One of the biggest debates among Redskins fans is who is the better starting cornerback, DeAngelo Hall or Josh Wilson. Now this focus is on coverage ability, but in fairness DeAngelo Hall has become a far better run defender, which is a nice plus for him.
While looking at basic stats Hall and Wilson seem pretty similar. Both had about the same number of passes defensed (16 for Hall, 15 for Wilson), both gave up 5 TD’s, and had similar number of INT’s (3 for Hall, 2 for Wilson). They also had a similar number of targets against (92 Wilson, 94 for Hall) and their yards per reception allowed are also really similar, 13.2 for Wilson, to 13.6 for Hall. Now that looks to be roughly the same level of CB, but that only tells part of the story.
Despite having roughly the same number of targets and yards per reception, Wilson allowed 251 yards less than Hall. How you might ask? It’s very simple, he allowed far fewer completions 46 to 63. That led to Wilson allowing just 6.6 yards per attempt, to Hall’s 9.17. That is a pretty drastic difference, and shows how important Wilson’s ability to prevent receptions is to the success of a cornerback.
Now people will make the excuse that Hall faces number 1 receivers vs Wilson who faces team’s number 2’s. While an interesting argument, it’s not as black and white as people make it out to be. For one thing, while Hall covered the top receiver the majority of the time, it wasn’t 100% of the time. Another thing is that saying that he’s going up against top tier is not an excuse. That’s Hall’s job, one that he has lobbied hard far, and one that he has failed completely to accomplish.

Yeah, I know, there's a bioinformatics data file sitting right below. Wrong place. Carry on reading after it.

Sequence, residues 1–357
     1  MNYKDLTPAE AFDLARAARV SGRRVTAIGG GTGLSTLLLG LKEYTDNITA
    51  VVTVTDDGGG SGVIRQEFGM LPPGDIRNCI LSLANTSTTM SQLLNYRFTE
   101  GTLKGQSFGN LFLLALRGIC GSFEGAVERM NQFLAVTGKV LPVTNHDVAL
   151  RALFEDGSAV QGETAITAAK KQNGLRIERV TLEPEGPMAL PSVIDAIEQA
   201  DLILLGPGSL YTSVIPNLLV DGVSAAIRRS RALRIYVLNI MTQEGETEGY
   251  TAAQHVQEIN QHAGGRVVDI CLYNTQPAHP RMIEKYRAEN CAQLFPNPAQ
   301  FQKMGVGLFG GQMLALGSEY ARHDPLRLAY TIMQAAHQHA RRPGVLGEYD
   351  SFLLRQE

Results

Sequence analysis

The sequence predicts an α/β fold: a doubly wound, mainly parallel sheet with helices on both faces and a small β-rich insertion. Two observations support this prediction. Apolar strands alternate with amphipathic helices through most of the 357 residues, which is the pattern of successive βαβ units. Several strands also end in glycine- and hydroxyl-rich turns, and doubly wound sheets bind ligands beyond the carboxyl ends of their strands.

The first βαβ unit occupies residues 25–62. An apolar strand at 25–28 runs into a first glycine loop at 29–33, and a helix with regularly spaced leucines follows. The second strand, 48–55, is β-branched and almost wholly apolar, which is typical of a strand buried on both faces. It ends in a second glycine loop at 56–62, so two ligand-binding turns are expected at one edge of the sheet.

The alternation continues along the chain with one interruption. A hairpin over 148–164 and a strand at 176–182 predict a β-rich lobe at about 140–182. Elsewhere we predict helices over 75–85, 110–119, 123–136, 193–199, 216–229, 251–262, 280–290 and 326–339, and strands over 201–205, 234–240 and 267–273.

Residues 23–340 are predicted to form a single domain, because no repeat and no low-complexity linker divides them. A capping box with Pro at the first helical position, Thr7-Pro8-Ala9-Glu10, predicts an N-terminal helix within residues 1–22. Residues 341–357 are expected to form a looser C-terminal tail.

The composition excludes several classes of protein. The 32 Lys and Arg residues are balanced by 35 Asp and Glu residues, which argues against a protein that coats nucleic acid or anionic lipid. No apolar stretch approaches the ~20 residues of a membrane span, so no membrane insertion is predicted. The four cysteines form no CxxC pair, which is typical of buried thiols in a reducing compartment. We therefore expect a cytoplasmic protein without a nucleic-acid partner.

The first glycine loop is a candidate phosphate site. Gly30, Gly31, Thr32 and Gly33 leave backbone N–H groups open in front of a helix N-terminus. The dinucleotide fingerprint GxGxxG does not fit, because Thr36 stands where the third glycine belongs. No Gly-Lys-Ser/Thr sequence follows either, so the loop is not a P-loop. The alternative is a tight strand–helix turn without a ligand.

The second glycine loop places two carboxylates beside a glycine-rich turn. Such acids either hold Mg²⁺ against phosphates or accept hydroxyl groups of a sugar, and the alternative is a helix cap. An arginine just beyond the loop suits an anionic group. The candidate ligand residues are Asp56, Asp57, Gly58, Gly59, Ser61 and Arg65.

Hall is paid like a premium corner, but doesn’t perform up to that standard. Hall’s completion percentage allowed of 67% was 6th worst in the league among corners who were targeted at least 5o times. Wilson on the other hand finished 11th best in the league, just behind Brandon Carr and Joe Haden. Now if there was just a slight discrepency between the two (1-3%) maybe you could factor in, Hall playing against better receivers, but not a 17% gap. That big of a difference wouldn’t be justified even if Hall went against Calvin Johnson on every single snap and Wilson covered Anthony Armstrong.
Now this is not to say that Hall isn’t capable of being the better corner, as he has a great combination of size and athleticism. Hall has also shown the ability to put those skills to use in game situations. Hall allowed just 56% completion rate in 2009, and in his half a season in Washington, in 2008, Hall allowed just 50% completion rate.
The problem that has haunted Hall throughout his career, is his lack of consistency. Which is why both the Falcons and Raiders cut ties with him (yes the Falcons traded him, but they decided he wasn’t worth extending), and why his contract is untenable long term for the Skins.
As Redskins fans the best case scenario would be for Hall to play up to his ability, but until he does that (and does it consistently), Wilson is the far better corner and more important part of this defense.